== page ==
Wednesday, July 20, 2011
A sermon wants to change your life and a lecture wants to give you a bit of information. I think we need to go back to that tradition of sermon in education.
Thursday, July 14, 2011
It's a good question, but I'm afraid I don't have a very good answer. I must confess I despair about the state of "professional" theology today. It just seems to me that we have increasing "balkanization," with everyone carving themselves up into smaller and smaller tribish enclaves, and then proceeding to both rail against straw men and preach to their own little choirs. In some ways, I think this is an effect of the loss of confessional and denominational identity. Instead of training to be Reformed theologians or Roman Catholic theologians or Lutheran theologians we have a generation who are training to become "ecclesiocentric" theologians or "apocalyptic" theologians or "radically orthodox" theologians, etc. Everybody's gotta have an "angle," a project, an agenda, a manifesto, a list of "Theses" that discloses the hitherto hidden truth of the world on the basis of their own ingenuity. Hence the most important words in our theological lexicons become "alone" and "only," as in: "Only [insert theological ideology here] can properly account for [insert favorite political and social issue here]."
All of this does weird things to theological identity and community, which then breeds a narcissism of minor differences. In some ways, this is a strange by-product of "ecumenical" theological education. (I think the blogosphere exacerbates this in important ways, but I would need more data to substantiate such a claim.)
I also think this state of the field is a by-product of the fact that many up-and-coming theologians right now are not what we used to call "churchmen" in any strong sense ("churchwomen" included): they are not tied to denominational identities, they are not participants in the specifics of ecclesiastical governance/teaching, they are not subject to ecclesial magisteria of any sort, they are not aspiring to chairs in their denominational seminaries, etc. From where I sit, freelancing does not seem very conducive to healthy theologizing.
In a lot of ways, this is why I have planted myself in a very particular, "thick" confessional location--not because it is the one, true perspective; or the temple that holds all the secrets; but because it is a good location (and a "good enough" location) which is both catholic and particular, and one to which I feel--if this doesn't sound too quaint--called. So I'm a Reformed thinker, and even more specifically, a Christian Reformed thinker. Far from being a recipe for sectarianism, I think that centering frees me up to engage selectively, critically, and generously (I hope). In a sense, thick confessional/denominational identity eliminates a certain insecurity that I think explains alot of the current fragmentation. So my theological and professional identity is not bound up with any 'school of thought' or sensibility. (Based on my books, people seem to think that I have some investment in being "postmodern" or "RO" or "Hauerwasian" or whathaveyou: but I don't own stock in any of these little cottage industries, though I have interest in all of them. My central investment is in this obscure little denomination where I'm planted.)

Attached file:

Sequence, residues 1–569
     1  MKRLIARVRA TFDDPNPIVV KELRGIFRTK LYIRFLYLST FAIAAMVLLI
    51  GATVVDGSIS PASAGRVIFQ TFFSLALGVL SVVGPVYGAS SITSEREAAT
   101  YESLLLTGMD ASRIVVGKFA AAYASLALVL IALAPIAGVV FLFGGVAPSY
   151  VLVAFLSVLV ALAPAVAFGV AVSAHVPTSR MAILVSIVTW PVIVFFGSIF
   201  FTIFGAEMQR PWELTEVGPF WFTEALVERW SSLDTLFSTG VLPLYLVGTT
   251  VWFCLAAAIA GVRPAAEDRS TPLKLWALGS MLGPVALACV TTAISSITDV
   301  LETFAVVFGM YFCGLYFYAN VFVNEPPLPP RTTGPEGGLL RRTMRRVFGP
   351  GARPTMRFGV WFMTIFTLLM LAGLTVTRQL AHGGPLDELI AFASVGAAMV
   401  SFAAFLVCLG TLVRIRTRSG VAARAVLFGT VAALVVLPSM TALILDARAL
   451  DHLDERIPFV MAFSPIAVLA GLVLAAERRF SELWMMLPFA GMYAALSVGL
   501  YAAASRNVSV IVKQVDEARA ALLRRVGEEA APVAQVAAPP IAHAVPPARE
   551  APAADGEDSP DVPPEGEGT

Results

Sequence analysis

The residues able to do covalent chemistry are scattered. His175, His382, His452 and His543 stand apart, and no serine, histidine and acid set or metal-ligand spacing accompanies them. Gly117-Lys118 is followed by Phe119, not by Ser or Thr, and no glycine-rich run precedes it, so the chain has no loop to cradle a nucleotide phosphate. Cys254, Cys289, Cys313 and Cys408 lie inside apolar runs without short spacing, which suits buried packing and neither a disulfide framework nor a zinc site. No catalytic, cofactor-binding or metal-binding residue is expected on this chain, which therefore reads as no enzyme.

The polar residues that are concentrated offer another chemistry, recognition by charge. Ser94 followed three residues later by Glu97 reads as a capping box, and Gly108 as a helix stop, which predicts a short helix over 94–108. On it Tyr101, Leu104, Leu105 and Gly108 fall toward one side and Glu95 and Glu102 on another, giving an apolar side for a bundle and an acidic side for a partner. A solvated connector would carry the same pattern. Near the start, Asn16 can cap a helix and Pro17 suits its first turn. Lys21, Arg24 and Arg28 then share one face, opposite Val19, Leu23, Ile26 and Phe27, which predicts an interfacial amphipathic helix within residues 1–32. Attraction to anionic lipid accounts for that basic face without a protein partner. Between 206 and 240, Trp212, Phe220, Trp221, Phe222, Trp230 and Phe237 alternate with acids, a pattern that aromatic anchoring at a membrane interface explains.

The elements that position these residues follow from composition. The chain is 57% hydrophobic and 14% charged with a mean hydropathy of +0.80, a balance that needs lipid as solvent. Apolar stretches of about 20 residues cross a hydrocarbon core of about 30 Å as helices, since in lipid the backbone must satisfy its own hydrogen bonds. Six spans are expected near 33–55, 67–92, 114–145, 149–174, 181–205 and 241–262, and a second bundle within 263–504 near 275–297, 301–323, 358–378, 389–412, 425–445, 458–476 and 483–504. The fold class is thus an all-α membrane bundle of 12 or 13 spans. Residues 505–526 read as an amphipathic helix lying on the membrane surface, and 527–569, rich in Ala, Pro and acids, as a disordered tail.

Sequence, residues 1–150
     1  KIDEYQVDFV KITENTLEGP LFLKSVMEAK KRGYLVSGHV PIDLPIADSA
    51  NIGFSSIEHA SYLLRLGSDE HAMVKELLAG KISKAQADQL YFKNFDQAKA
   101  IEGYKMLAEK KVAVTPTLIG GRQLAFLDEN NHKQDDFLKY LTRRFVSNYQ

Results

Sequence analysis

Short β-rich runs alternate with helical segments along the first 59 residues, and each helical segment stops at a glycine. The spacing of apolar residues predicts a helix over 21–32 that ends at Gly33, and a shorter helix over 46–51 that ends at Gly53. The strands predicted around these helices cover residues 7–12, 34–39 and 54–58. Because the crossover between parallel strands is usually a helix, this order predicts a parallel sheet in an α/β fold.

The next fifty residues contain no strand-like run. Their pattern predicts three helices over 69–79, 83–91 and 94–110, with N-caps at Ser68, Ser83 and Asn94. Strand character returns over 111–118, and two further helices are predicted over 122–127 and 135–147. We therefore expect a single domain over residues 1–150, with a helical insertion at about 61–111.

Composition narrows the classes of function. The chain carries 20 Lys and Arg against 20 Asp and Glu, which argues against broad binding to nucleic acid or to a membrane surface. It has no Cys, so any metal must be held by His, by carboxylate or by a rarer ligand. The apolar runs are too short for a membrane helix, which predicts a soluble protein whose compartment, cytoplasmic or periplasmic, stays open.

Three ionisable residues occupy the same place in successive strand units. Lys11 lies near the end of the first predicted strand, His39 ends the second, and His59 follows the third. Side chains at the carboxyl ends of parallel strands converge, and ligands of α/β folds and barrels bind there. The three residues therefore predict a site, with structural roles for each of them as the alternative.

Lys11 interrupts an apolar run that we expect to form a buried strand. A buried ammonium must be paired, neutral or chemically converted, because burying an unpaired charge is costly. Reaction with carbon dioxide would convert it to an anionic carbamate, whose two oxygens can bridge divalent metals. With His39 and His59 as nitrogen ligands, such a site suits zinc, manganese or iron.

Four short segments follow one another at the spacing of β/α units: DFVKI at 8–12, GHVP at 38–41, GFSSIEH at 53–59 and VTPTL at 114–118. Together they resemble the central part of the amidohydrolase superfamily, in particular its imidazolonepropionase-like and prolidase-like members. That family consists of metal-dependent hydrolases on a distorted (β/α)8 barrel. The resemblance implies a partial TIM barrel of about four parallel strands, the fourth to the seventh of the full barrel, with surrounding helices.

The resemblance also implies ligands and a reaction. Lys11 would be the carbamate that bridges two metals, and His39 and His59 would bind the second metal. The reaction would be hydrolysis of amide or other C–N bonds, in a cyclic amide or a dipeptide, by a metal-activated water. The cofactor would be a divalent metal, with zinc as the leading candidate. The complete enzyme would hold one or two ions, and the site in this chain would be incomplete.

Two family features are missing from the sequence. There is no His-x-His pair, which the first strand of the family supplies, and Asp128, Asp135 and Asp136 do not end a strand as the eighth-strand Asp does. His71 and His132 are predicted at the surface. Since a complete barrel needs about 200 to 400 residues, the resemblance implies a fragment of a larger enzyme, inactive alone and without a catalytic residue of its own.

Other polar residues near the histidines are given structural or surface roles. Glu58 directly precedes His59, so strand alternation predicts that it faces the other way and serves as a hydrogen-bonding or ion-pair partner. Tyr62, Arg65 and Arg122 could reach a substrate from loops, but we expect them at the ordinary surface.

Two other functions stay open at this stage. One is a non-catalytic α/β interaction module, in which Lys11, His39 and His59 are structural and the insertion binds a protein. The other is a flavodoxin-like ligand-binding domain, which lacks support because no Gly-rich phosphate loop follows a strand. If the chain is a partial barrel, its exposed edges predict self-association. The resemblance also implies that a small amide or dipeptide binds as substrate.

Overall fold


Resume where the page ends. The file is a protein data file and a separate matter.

So in some sense, I just don't know if the sort of space you're looking for exists, sadly. Then again, maybe it's always been this way!
Tuesday, July 12, 2011
"The things you and I have liked best in Europe--the grand pictures, the buildings, and so on--belong mostly to an order of things that has gone: the world--the world that has to eat and drink and labor--is probably being 'Americanized.' At least, they groan about it, and deprecate it, but I think they earnestly want it for themselves. To be 'Americanized' is simply to be industrialized in the most complete and serviceable fashion."
"Nowhere have I ever seen the simple animal nature of men so plainly as in this church--I kep thinking of this as they all stood there with their smell of the stable, hearing of their kinship to God."